Many on the committee — which includes a whopping 56 conferees — reiterated that it is imperative that work on the new Farm Bill be completed this month — before the current one expires on Sept. 30.

But the biggest sticking point between the competing House and Senate bills has to do with changes to the Supplemental Nutrition Assistance Program, often called food stamps.

By a razor-thin margin, the House of Representatives passed its version of the farm bill Thursday as Republican leadership was able to round up just enough support from members of its conservative wing to clear passage.

The GOP-backed measure, which covers farm and food policy legislation, passed 213-211.

The $867 billion package renews the safety net for farmers across the country, but also includes tougher work requirements for recipients of the Supplemental Nutrition Program or SNAP, formerly known as food stamps.

The U.S. House Agriculture Committee has begun debate on the 2018 Farm Bill. 

The Trump administration is proposing a major shake-up in one of the country's most important "safety net" programs, the Supplemental Nutrition Assistance Program, formerly known as food stamps. Under the proposal, most SNAP recipients would lose much of their ability to choose the food they buy with their SNAP benefits.

The proposal is included in the Trump administration budget request for fiscal year 2019. It would require approval from Congress.

The delivery of federal food benefits for millions of low-income people is likely to change after the U.S. Department of Agriculture announced Tuesday it'll allow states more flexibility in how they dole out the money.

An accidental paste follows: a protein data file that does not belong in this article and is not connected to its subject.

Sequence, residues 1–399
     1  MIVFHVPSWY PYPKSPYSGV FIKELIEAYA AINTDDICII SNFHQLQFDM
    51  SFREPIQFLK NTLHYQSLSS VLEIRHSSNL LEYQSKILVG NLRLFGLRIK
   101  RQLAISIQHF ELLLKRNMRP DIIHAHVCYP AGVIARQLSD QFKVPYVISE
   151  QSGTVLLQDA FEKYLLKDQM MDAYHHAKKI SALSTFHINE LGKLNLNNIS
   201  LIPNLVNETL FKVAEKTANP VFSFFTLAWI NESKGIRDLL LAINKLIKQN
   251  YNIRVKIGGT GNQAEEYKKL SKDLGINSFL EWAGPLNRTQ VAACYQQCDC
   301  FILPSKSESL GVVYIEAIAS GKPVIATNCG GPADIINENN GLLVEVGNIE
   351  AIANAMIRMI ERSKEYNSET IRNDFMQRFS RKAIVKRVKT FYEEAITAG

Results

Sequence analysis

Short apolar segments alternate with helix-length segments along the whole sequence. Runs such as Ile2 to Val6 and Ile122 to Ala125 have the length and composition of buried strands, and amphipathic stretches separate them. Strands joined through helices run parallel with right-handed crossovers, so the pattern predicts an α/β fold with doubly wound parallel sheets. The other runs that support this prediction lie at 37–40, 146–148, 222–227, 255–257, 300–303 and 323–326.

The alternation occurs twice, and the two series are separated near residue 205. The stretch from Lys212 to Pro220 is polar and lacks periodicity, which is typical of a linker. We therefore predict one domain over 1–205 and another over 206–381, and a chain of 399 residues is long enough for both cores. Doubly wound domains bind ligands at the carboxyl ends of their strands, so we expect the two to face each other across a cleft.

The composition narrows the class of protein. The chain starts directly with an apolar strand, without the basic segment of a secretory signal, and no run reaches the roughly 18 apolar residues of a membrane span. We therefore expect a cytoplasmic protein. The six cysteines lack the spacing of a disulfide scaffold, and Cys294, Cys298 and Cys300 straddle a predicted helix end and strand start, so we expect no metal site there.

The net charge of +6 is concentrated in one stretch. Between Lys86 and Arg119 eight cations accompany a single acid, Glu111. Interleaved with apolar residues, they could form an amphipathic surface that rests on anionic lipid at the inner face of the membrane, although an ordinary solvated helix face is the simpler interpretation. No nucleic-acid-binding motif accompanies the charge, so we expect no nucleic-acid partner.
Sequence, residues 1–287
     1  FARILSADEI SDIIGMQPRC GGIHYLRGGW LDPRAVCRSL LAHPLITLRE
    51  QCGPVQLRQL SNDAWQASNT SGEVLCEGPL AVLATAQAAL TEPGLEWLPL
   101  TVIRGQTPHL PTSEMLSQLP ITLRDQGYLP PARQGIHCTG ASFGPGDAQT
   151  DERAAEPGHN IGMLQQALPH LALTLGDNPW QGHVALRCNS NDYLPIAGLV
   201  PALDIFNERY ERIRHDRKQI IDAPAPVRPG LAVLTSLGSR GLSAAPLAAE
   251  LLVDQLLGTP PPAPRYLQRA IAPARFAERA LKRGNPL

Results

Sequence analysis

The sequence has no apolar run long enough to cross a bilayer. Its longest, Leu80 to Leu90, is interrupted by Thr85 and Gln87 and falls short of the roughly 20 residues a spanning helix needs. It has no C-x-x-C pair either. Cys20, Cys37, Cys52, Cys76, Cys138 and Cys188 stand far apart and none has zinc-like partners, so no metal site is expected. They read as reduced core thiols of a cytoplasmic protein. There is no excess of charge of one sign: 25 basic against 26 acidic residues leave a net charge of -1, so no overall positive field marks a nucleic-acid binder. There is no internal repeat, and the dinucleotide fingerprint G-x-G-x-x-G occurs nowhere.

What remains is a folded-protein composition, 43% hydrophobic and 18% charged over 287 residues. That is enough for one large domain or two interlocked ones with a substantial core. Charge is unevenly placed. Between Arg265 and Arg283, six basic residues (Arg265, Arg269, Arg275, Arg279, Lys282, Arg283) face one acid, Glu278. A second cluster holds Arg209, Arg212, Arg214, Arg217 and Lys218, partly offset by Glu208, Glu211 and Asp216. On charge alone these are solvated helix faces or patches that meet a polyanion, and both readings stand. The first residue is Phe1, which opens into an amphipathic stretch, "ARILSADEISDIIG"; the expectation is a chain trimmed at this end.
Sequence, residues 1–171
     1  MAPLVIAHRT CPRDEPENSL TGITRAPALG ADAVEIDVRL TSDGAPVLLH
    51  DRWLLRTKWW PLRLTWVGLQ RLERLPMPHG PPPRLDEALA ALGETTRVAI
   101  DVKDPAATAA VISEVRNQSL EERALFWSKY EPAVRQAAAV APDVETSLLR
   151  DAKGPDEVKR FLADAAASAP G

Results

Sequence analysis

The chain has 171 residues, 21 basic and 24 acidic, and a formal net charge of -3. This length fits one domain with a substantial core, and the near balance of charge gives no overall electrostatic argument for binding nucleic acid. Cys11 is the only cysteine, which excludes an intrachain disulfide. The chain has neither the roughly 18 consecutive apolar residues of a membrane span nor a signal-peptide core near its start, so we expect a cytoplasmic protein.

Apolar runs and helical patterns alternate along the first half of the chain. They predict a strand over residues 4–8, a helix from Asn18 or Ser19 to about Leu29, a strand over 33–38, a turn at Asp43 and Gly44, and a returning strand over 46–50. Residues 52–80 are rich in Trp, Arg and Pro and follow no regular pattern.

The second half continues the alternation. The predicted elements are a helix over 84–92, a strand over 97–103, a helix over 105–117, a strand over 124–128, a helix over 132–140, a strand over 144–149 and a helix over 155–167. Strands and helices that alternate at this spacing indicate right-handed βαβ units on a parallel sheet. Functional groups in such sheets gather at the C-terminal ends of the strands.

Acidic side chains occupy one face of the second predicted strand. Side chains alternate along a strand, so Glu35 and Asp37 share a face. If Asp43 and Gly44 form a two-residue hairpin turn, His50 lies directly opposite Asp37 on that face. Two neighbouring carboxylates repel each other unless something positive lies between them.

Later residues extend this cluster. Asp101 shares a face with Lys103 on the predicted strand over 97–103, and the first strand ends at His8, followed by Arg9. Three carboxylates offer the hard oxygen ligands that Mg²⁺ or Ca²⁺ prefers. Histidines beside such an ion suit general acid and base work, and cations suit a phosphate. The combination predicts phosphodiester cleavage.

Ohio Department of Job and Family Services

The Ohio House has approved two bills requiring more checks for those who administer  food stamp programs.

A new report shows poverty in Ohio is declining and economic opportunity is rising.

Ohio Public Radio

When President Trump's budget director this week unveiled the administration's proposed spending blueprint, which calls for significant cuts to food stamps, he said the goal was to get recipients into the work force.

When President Trump's budget director, Mick Mulvaney, unveiled the administration's budget blueprint earlier this week, which calls for significant cuts to food stamps, he noted that the aim of the budget was to get people working.

"If you're on food stamps and you're able-bodied, we need you to go to work. If you're on disability insurance and you're not supposed to be — if you're not truly disabled, we need you to go back to work," Mulvaney said Tuesday.

Ohio Public Radio

There’s a bill in the legislature that would add the photos of food stamp recipients to their electronic benefit transfer or EBT cards.

State Auditor David Yost says a 48 thousand dollar audit of Ohio's food stamp program found roughly 31 thousand in questionable costs, including benefits used by dead people and duplicate payments.

Franklin County Commissioners today are expected to approve spending 10 thousand dollars on a program to help low-income residents buy fresh produce at local farmers markets.